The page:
The village of Agithu is located 4 kilometers south of Sisian, on the left bank of Vorotan River. It is particularly known for its 7th-century tomb structure. Not too far from it is a set of several unique caves that have grabbed the attention of Armenian and German scientists.
And since 2009, an Armenian-German expeditionary group has been investigating the caves near the Agithu village in Syunik Province, Armenia. Researchers have already collected data about the ancient people who lived 40,000 years ago.
Archaeologists have examined 7 caves, the most remarkable ones being the Agithu-3 and Agithu-7. A correspondent of the media agency “Golos Armenii” (“The voice of Armenia”) has lately interviewed the co-director of the expedition, a researcher from the Institute of Archaeology and Ethnography of the Academy of Sciences of Armenia Boris Gasparyan. What he told was truly astonishing – after all, the caves belong to times where there haven’t been any nationalities, not to mention sovereign states!
“The Agithu-3 cave is a unique archaeological monument that provides us with rich data about the life and activity of the ancestors of modern humans,” said Gasparyan, “Its oldest layer is dated at Late Stone Age and has an age of 15,000 years. Here, we have not only found traces of ancient humans but signs of volcanic eruptions as well.
The cave has a complex layout, but ancient people have managed to adapt to it in the most reasonable way. Agithu-3 had a large number of animal bones, obsidian tools, arrowheads, knives, a 26,000 years old bone needle, and necklaces made from shells that had presumably originated in the territory of the Persian Gulf.”
Among other cultural layers were antique (ca. 1st century BC) and medieval (13-14th centuries AD) layers. According to Gasparyan, if ancient people have dwelled in this cave, it has been used as a shrine by them. The tomb is a further testimony to this. Several years ago, archaeologists discovered a skull with 7 coins in its mouth, which has apparently been some kind of a payment to get to the other world. What’s most remarkable about Agithu-3 is that it gives us a wide range of data about the activities of ancient civilizations which once inhabited the territory of Armenia.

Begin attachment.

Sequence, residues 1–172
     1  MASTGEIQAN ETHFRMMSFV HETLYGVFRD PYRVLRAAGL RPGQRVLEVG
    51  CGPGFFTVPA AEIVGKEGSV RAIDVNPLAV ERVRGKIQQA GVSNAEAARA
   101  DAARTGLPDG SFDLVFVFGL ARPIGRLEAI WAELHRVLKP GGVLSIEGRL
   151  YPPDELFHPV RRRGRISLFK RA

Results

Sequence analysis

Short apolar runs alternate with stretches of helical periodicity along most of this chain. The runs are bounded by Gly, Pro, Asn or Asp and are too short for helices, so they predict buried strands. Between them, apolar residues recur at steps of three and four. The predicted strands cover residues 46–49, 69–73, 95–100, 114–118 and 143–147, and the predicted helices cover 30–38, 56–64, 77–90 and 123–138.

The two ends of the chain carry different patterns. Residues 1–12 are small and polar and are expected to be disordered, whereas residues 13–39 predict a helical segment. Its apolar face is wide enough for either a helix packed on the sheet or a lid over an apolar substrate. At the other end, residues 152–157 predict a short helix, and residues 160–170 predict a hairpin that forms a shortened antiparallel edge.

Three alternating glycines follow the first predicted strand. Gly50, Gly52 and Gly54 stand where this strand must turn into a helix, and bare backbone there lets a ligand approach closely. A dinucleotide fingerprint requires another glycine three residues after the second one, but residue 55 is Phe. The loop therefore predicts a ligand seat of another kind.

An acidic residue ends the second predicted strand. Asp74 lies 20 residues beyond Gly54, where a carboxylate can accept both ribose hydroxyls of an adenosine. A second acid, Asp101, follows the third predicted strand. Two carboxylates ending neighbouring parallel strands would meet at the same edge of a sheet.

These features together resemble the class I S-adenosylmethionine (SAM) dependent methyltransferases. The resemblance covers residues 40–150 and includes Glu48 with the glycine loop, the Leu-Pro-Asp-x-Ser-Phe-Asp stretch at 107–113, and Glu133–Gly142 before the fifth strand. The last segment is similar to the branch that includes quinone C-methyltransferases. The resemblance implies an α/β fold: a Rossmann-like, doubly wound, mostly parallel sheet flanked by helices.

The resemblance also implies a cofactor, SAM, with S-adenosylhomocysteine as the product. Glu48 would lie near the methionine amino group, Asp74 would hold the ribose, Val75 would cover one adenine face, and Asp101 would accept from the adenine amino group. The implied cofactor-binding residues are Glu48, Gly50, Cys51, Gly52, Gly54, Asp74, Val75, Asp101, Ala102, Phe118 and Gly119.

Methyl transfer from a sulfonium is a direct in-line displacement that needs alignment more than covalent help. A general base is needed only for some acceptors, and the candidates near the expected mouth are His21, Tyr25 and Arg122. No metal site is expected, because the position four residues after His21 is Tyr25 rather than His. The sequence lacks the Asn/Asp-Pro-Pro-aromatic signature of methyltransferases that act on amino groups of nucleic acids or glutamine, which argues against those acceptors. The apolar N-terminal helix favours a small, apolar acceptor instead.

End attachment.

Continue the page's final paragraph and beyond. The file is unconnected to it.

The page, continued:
As for the Agithu-7 cave, it also has a plethora of mysteries and riddles. Excavations here began in 2017. Just like Agithu-3, researchers discovered three cultural layers in this cave – Paleolithic, antique, and medieval.
“We have discovered an unclear cultural phenomenon,” said Gasparyan, “I personally assume that unknown sects have held religious rituals here in the 13th-14th centuries. Initially, we had been investigating the cave to discover traces of Stone Age humans, but we decided to not progress further until we understand what the very upper layer means.
The phenomenon of caves as sacral locations isn’t fully studied by itself. It is furthermore unclear why this cave continued to remain a sacred place even in the Middle Ages when people had already been building temples, cathedrals, and churches. We could note that Jesus Christ was born in a stable resembling a cave. He was also buried in a cave. As you can see, there is still a lot of unanswered questions.
By the way, we have gathered a lot of scientific material over the years. Some of it has already been published in prestigious science magazines while the rest will be published by our German colleagues this year. Then, we will continue the investigation of the caves.”